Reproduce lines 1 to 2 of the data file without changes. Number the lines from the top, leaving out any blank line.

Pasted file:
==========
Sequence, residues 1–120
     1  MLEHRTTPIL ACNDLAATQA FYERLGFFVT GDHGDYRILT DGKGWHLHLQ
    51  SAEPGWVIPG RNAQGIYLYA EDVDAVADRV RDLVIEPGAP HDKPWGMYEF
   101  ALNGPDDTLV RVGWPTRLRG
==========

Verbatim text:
Sequence, residues 1–120
     1  MLEHRTTPIL ACNDLAATQA FYERLGFFVT GDHGDYRILT DGKGWHLHLQ